Cornucopia was first introduced into the English language in 1508. Cornucopia is also known as “the horn of plenty” and it is the emblem of the Stewards.
According to myth, when the young Zeus (Jupiter) was playing with Amalthea, the goat who had suckled him in a cave on the island of Crete, and gave him everything else he needed to survive, he accidentally broke off one of her horns. To make amends, Zeus promised that from that day forward, the horn would always be filled with whatever fruit she desired. As such, the Cornucopia came to symbolize the unasked profusion of gifts from the gods.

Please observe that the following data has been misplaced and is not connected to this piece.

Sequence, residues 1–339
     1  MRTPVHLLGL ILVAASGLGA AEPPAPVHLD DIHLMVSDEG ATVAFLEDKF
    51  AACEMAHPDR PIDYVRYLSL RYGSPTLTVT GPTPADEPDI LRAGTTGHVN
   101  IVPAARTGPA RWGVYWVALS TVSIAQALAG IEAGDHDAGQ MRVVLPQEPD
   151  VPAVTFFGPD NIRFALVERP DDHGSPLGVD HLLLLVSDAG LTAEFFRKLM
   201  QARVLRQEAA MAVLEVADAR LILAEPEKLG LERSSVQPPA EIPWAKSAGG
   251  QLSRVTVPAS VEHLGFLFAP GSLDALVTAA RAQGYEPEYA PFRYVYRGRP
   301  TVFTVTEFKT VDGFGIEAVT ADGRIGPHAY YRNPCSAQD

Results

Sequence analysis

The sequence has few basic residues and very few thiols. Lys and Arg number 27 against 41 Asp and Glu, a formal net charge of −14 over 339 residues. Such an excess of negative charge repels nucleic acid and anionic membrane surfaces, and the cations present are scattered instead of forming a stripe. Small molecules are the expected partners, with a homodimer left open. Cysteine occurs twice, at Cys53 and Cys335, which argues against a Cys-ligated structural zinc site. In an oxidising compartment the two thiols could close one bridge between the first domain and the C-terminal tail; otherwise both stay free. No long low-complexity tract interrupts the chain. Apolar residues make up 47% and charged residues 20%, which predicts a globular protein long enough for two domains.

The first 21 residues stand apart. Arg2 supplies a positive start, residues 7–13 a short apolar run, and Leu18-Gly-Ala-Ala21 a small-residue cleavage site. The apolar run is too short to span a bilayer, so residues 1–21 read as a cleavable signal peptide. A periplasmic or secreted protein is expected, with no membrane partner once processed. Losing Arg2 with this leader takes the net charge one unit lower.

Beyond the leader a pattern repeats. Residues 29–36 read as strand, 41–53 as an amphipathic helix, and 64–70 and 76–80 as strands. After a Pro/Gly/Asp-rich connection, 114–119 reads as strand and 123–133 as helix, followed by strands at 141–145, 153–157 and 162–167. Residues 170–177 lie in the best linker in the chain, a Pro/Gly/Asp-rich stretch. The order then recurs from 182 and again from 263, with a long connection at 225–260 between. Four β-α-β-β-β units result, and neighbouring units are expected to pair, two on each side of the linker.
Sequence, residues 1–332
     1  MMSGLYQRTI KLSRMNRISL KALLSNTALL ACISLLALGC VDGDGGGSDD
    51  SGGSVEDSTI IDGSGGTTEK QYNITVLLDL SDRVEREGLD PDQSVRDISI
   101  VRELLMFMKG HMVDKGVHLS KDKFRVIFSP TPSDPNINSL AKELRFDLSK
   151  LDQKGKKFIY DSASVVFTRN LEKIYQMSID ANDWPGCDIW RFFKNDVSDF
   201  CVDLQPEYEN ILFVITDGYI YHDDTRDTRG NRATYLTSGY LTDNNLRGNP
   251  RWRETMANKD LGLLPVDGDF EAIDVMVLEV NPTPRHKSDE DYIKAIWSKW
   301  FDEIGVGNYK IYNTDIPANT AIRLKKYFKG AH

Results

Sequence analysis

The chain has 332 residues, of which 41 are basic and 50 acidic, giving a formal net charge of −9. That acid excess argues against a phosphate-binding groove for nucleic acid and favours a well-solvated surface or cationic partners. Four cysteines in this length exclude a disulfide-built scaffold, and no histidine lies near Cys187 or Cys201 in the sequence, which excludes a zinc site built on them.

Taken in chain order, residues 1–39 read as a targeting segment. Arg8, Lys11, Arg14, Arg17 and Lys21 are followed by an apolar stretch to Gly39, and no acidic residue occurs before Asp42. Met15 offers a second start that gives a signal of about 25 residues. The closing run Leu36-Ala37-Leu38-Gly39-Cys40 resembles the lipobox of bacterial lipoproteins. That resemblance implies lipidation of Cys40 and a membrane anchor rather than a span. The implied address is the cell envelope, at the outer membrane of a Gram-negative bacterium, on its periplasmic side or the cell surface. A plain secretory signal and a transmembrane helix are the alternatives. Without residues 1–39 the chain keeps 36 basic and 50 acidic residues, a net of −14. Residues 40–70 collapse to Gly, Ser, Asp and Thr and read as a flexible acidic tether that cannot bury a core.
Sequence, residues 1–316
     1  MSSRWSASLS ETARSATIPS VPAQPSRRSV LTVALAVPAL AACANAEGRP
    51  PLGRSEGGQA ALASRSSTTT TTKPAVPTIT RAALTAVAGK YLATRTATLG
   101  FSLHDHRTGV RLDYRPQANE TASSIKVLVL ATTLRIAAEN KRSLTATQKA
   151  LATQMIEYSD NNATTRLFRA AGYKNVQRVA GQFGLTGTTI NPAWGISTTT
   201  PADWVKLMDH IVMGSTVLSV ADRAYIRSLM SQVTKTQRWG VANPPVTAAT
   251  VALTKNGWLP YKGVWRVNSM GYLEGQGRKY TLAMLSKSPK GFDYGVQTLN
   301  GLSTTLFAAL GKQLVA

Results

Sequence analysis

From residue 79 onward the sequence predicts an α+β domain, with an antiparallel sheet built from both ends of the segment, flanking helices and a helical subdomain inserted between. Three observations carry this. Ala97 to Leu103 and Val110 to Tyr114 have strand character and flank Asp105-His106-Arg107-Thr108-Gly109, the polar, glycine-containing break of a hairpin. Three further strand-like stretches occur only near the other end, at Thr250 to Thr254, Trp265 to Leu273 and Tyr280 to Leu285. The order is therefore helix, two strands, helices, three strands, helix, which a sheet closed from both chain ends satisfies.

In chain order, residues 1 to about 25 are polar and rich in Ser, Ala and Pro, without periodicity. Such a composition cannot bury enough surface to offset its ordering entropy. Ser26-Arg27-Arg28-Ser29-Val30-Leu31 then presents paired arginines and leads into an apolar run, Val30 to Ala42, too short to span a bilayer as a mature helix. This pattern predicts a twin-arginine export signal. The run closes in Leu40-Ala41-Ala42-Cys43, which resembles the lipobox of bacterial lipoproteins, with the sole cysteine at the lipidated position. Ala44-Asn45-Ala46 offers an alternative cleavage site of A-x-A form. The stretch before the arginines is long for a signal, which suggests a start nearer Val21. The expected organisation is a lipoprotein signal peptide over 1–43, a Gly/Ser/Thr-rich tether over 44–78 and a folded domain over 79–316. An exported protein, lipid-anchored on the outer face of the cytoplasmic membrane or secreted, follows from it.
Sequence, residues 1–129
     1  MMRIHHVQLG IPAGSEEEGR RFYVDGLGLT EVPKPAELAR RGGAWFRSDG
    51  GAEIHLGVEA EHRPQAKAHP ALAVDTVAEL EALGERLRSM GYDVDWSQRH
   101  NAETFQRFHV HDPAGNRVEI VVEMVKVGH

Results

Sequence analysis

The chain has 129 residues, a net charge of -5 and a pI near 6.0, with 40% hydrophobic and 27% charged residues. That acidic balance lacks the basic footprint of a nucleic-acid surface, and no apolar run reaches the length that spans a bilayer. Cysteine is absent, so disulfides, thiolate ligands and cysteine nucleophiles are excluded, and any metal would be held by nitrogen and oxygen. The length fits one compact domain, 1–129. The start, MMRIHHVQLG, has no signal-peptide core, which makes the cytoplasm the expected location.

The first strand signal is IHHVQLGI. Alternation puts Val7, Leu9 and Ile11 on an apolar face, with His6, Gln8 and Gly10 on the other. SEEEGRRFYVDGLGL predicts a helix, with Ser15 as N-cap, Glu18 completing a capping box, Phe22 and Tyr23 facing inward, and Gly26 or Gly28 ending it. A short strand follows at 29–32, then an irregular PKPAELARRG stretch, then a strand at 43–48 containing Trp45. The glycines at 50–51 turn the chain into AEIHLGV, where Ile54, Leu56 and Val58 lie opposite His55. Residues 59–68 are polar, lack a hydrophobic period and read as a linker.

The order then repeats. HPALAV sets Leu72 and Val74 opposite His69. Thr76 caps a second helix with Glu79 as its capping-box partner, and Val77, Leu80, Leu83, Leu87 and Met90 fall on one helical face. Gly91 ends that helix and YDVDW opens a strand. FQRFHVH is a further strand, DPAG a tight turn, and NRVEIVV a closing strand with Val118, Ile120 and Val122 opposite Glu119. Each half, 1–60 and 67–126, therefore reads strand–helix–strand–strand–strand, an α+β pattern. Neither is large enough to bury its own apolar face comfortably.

It has been used as an emblem of many deities, including Copia (Roman goddess of wealth and plenty who carries a cornucopia), Justitia (Roman goddess of justice), Spes (Roman goddess of hope), Honos (Roman deity of morality and military honor), and many others. The myth of the horn returns in the story of Hercules, who fights the river-god Achelous, who, having the power to change himself into anything, took the form of a bull. Achelous was the son of the ocean, and the god of the biggest river. Hercules breaks off one of the bull’s horns, but after generously returning it, receives from Achelous the horn of plenty - the cornucopia.
In Masonry, the cornucopia symbolizes peace, plenty and joy.